The concept of the challenge was simple: 3 institutions in Germany (Universitätsklinikum Köln, Erlangen, and Charite in Berlin) contributed FASTQ files for a total of 12 tumor samples that were known to harbor pathogenic variants. These data were then sent to Illumina and QIAGEN 2 months before the event, and subjected to variant calling and interpretation using their commercially available offerings. Both Illumina and QIAGEN were blinded to the identity of the known variants, and reported on their findings at a round-table session at ECP where the organizers also revealed what the expected variants were, and how they had been interpreted by each institution. To add an interesting twist, each contributing institution had used a different library prep (and sequencing platform) for their samples: The Berlin samples used the AmpliSeq Colon and Lung v2 hotspot panel and were sequenced on the Ion Torrent PGM; both Erlangen and Köln samples were sequenced on an Illumina MiSeq™ System, but the Erlangen samples used the Illumina TruSight® Tumor 15 prep and the Köln samples used a custom QIAGEN amplicon panel.
Removing the NGS Analytics Data Bottleneck with Field-Programmable Gate Arrays (FPGAs)
The following is a guest blog, written by our partners at Edico Genome.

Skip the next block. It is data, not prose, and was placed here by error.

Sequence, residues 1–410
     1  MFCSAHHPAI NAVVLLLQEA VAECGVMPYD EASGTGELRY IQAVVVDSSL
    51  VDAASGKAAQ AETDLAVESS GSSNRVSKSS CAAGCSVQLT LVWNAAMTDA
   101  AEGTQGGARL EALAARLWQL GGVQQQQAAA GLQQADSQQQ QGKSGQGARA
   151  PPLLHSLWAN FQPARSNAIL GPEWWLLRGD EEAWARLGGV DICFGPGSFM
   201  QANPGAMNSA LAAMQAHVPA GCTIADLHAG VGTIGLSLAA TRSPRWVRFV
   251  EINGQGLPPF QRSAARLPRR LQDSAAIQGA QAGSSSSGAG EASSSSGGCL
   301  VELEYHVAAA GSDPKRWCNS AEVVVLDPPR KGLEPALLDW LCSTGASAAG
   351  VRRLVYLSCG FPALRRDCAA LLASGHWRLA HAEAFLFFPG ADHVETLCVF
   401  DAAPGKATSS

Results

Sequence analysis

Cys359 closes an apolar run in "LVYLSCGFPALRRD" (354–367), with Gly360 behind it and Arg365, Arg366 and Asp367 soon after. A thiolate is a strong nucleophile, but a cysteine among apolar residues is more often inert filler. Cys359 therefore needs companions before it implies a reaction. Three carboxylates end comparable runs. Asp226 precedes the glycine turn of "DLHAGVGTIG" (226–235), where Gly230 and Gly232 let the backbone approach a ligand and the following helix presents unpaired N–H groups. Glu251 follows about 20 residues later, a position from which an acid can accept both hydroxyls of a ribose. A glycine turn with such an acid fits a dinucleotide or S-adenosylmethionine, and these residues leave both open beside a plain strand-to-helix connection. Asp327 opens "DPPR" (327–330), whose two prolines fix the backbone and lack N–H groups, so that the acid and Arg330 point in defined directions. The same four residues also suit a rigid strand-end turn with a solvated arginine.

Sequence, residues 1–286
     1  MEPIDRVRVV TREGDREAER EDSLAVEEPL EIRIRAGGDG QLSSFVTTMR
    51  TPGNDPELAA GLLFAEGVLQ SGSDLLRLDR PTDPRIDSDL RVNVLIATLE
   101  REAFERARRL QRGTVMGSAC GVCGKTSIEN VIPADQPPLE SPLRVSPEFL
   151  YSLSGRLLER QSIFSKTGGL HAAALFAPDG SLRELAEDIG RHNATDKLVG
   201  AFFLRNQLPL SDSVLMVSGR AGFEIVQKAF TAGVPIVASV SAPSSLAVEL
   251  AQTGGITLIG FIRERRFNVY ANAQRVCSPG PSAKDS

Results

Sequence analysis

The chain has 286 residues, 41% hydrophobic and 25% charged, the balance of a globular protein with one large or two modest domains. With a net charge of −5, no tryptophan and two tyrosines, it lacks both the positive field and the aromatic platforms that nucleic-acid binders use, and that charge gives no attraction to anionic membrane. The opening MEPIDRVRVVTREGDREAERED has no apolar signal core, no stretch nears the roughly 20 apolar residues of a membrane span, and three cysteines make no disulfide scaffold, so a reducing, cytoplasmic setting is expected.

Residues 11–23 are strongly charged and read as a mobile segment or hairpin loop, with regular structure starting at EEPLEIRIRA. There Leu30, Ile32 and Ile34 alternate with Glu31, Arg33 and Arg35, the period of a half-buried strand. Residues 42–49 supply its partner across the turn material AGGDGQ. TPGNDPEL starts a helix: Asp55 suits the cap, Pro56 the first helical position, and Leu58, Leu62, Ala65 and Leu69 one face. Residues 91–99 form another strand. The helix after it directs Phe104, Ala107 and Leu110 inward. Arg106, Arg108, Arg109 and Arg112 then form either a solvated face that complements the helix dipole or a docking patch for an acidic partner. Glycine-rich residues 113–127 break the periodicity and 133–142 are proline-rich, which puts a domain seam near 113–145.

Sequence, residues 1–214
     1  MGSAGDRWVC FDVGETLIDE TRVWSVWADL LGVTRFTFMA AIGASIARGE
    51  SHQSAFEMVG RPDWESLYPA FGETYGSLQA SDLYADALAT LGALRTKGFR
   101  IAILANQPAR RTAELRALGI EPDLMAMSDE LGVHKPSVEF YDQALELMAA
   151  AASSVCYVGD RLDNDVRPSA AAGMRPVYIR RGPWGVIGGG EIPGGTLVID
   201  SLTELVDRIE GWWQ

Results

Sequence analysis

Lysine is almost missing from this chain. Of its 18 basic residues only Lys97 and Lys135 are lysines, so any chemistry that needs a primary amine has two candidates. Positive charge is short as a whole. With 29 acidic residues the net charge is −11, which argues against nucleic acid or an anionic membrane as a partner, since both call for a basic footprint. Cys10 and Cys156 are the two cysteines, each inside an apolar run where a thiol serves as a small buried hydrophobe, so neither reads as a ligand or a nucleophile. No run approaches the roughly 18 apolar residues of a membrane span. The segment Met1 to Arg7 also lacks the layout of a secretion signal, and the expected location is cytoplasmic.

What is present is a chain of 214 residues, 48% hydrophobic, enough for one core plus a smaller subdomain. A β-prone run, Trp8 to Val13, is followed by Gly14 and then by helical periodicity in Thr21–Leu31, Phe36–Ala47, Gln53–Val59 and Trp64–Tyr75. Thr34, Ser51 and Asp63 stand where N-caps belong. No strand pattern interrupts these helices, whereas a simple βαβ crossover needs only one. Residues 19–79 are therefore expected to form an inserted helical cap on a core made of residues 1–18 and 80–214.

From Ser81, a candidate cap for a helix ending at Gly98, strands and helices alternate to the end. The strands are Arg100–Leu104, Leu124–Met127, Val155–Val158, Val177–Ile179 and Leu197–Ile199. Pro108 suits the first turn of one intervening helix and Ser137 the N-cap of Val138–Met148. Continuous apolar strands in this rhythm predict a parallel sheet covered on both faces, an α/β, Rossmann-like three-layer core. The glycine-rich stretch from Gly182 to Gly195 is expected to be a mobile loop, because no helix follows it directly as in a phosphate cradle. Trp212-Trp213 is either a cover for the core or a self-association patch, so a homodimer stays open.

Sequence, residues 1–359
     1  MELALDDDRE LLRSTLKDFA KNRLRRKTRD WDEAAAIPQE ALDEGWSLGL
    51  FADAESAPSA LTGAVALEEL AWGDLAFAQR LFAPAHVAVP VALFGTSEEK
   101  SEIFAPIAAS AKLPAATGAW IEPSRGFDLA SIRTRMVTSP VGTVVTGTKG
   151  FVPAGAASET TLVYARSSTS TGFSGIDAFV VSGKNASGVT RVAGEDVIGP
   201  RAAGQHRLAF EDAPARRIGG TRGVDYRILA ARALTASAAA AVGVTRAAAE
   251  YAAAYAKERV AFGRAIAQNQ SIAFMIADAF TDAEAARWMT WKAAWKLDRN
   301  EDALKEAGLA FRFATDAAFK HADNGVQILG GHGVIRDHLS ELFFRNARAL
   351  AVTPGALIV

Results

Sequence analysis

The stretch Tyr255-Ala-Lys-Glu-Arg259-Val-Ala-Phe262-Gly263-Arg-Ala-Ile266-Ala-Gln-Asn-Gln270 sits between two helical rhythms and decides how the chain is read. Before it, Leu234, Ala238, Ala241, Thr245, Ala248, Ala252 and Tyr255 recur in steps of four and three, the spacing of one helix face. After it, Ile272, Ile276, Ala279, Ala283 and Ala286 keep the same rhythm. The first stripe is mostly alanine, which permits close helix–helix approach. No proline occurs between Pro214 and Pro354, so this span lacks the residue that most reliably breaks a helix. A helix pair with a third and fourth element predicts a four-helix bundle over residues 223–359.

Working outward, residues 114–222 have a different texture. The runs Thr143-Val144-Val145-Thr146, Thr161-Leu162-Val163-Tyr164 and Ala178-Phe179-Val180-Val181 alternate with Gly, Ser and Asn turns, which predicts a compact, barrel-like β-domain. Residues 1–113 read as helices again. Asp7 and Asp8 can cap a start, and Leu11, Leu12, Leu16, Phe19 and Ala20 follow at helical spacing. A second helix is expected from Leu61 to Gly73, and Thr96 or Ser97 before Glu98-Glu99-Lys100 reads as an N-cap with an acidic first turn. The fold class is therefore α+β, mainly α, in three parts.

The next-generation sequencing (NGS) analysis demand is growing at an exponential rate, creating a shortage of computing power to analyze the rapidly growing body of data. Current projections1 calculate genomic data to continue doubling every seven months, a stark acceleration in comparison to Moore’s Law, which states CPU capabilities will double every two years (Figure 1, below). The void left in-between creates a bottleneck for genomics labs.
Providing an alternative to traditional CPU-based systems, Edico Genome’s DRAGEN™ (Dynamic Read Analysis for Genomics) Platform leverages FPGA (Field-Programmable Gate Array) technology to provide customers with hardware-accelerated implementation of genome pipeline algorithms. Leveraging FPGAs, DRAGEN allows customers to analyze NGS data at unprecedented speeds with extremely high accuracy2 onsite, in the cloud, or through a blended hybrid cloud.
BaseSpace Sequence Hub, hosted on Amazon Web Services, enables the cloud-based deployment of the Edico Genome DRAGEN pipeline. Edico Genome’s DRAGEN Genome Pipeline is now readily available, enabling rapid analysis of whole genome sequencing and targeted resequencing panels.
Also co-authored by Eric Allen.
Recent advancements in the Illumina TruSeq Amplicon technology enable higher multiplexing of amplicons in a single assay. Combined with next-generation sequencing (NGS) from Illumina, NGS users can perform high throughput, high sensitivity genotyping experiments on Illumina Sequencers. The new TruSeq Amplicon 3.0 BaseSpace® Sequence Hub App introduces major improvements to support a variety of amplicon sequencing applications, including the recently launched TruSeq Genotype Ne product. TruSeq Genotype Ne is a fully customizable targeted genotyping by sequencing (GBS) solution. Key GBS features of TruSeq Amplicon 3.0 include: